Tuesday, July 29, 2008

Tube for Tuesday: Captain Compost to the Rescue

OK, maybe not, but don’t you wish on the heels of that unfortunate DPW news from the last post? Here’s something to help. Did you know that according the EPA nearly two-thirds of municipal waste streams (our trash) is made up of organics? Food scraps, grass clippings, yard debris – all things that could easily be composted and turned into that magical Brown Gold.

We have been composting for years – both the conventional bin method and worm-based vermi-composting -- even when we lived in the middle of Providence. There is nothing simpler than letting nature do what it does best: Run its course and take care of itself. We use two piles -- one in a plastic Earth Machine, the other made from recycled wood pallets -- alternating piles about every six months, building one while the other breaks down and does its magic.

If our landfill is nearing capacity and two-thirds of our waste stream is made up of things that could be recycled o-natural, then why aren’t we taking advantage of something that could help extend the life of the landfill and save some of that precious municipal budget at the same time? Many communities have municipal composting programs that are a win-win for multiple bottom lines.

URI offers a Master Composter program – something I’ve always wanted to do. Do we have any graduates in town? Maybe, maybe not; but wondering if folks might be interested in some composting how-to clinics to learn how to get started. It’s not hard at all. And you don’t need any fancy equipment either. Could us fellow composters band together to form something here?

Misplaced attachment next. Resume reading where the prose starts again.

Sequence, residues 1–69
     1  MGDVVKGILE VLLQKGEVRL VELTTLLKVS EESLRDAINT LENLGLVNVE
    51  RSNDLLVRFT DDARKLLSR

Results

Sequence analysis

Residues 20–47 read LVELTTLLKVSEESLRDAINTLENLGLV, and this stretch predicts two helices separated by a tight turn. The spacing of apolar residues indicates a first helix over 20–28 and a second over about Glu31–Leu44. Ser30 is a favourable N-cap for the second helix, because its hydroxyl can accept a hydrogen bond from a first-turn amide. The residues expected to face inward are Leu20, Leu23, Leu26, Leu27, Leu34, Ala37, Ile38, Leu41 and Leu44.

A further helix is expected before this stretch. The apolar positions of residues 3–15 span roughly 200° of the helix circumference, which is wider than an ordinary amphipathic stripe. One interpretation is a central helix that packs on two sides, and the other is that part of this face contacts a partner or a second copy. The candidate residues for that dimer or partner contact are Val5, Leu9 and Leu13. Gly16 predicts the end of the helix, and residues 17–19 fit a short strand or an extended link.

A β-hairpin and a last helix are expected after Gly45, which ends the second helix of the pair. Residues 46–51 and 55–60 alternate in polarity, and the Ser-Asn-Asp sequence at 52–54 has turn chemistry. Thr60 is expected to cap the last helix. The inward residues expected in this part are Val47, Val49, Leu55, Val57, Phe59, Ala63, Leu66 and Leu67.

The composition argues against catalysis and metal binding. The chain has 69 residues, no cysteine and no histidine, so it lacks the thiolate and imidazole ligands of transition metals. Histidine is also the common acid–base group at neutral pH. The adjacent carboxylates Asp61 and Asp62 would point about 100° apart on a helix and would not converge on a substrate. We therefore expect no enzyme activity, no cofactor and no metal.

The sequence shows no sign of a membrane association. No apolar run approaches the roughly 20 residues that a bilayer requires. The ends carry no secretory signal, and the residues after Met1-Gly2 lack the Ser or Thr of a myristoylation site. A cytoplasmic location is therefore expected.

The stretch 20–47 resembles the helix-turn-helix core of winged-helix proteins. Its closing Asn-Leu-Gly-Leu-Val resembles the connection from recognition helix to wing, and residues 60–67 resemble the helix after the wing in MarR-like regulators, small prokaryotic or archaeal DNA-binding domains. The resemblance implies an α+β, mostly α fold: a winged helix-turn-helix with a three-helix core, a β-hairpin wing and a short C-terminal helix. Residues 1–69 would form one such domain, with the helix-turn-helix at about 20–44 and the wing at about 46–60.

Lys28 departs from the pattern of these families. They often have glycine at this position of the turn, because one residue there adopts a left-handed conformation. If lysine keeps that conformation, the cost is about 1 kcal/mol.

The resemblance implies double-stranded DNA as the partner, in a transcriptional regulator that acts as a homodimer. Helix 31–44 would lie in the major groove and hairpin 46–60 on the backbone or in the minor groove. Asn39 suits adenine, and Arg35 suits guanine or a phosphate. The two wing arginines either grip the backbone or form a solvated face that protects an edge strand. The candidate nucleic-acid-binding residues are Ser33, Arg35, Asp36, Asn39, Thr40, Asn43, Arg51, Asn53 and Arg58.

The benefits of composting are incredible – less waste, better soil, better plants, compost tea, and worms for the kids to play with. Want a good intro to composting? Check out this great video from Kitchen Gardeners International.


tillerman said...

Great idea. I am composting all I can but I am sure I have a lot to learn. I see that the URI CELS Outreach Center do offer some free workshops on composting. Maybe they would do one in town?

It's also worth pointing out that Tiverton residents may take yard waste, brush, and clean wood waste to the landfill for disposal in a designated area. The separated yard waste materials that are taken to the landfill are processed and used as mulch on closed areas of the landfill. This saves space in the landfill where the yard waste ends up when it is disposed with the regular trash.


Speaking of yard waste, there is one thing I find particularly comical. Not sure where you live in town, but we have woods all around us. I get a kick when I see these people putting those big paper yard waste bags at the end of their driveways. Wouldn't it be easier just to toss everything in the woods???

Tillerman said...

Well, one reason not to dump yard waste in the woods is that this practice is one of the easiest way for invasive species to become established in the woods.

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